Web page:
Heavy Traffic
For a number of reasons, warm-weather states are considered more driver-friendly places to operate a vehicle.

As a Chicagoan, I take a certain amount of pride in my ability to complain about the local traffic situation. To that end, though I loathe to report that my 17-mile trip from Consumer Guide’s Chicago-adjacent office to the sleepy Northwest Suburbs can take me more than an hour on the wrong day, I feel a least at little satisfaction knowing that I am a statistical outlier.

Yet, despite Chicago’s famously congested Kennedy Expressway, the Windy City is apparently not the worst American city in which to operate an automobile. According to data shared in a new WalletHub.com report, Chicago is only the fourth-worst city in which to own a car.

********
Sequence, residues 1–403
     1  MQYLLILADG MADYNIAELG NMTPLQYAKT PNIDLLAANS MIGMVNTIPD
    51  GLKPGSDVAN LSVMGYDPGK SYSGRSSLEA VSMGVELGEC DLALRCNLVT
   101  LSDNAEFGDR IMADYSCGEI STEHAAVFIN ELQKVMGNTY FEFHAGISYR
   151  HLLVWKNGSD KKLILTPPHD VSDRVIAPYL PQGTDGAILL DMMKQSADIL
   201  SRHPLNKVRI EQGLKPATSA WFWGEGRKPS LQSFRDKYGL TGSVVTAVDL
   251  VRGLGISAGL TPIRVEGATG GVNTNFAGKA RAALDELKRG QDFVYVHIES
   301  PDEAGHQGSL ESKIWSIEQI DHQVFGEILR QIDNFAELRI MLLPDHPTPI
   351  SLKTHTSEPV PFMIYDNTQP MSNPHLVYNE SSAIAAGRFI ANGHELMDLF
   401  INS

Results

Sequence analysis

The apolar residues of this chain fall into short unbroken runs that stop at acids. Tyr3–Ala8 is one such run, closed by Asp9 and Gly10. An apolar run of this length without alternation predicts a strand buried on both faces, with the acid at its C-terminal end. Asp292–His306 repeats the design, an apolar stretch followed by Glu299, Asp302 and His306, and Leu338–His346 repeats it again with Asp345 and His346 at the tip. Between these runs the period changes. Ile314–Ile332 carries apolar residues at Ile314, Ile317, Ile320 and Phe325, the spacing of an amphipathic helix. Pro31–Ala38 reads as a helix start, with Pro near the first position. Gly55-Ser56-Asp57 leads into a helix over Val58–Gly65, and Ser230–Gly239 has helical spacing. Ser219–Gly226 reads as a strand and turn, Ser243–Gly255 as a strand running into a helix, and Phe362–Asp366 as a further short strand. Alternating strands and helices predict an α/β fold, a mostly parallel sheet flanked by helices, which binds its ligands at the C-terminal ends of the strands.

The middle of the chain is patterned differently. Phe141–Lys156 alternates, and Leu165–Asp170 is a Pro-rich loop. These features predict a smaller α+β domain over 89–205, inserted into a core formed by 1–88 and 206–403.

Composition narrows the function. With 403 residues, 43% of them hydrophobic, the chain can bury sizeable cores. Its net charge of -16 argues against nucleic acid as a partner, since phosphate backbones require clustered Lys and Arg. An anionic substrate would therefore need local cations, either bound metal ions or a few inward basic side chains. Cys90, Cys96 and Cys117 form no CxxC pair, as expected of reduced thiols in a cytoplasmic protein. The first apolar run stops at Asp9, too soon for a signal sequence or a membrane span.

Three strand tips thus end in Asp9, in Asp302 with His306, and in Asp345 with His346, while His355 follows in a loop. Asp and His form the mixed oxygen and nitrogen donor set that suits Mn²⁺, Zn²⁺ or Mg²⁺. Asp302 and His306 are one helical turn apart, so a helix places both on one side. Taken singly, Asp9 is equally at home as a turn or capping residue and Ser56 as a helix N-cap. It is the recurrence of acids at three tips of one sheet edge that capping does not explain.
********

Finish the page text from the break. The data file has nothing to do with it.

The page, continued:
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The WalletHub study looked at 21 metrics related to the automotive ownership experience, including traffic density, cost of ownership, and access to repair facilities.

Per the WalletHub study, the following are the 10 best and 10 worst cities for driving. You can check out the complete survey here.

On a personal note… though I realize that this research is based on the 100 largest metropolitan areas in America, I can’t help but be a little annoyed that Gilbert, Arizona (population 200,000), is getting props for being easier to navigate than the 10-million-person Chicago metropolitan area. At least we know the joy of driving in the snow…

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Best Cities for Driving

Best Cities for Driving Worst Cities for Driving
1 Scottsdale, AZ 91 Boston, MA
2 Tucson, AZ 92 Seattle, WA
3 Corpus Christi, TX 93 New York, NY
4 Gilbert, AZ 94 Oakland, CA
5 Mesa, AZ 95 Baltimore, MD
6 Chandler, AZ 96 Philadelphia, PA
7 Reno, NV 97 Chicago, IL
8 Laredo, TX 98 San Francisco, CA
9 Las Vegas, NV 99 Detroit, MI
10 Tampa, FL 100 Washington, DC

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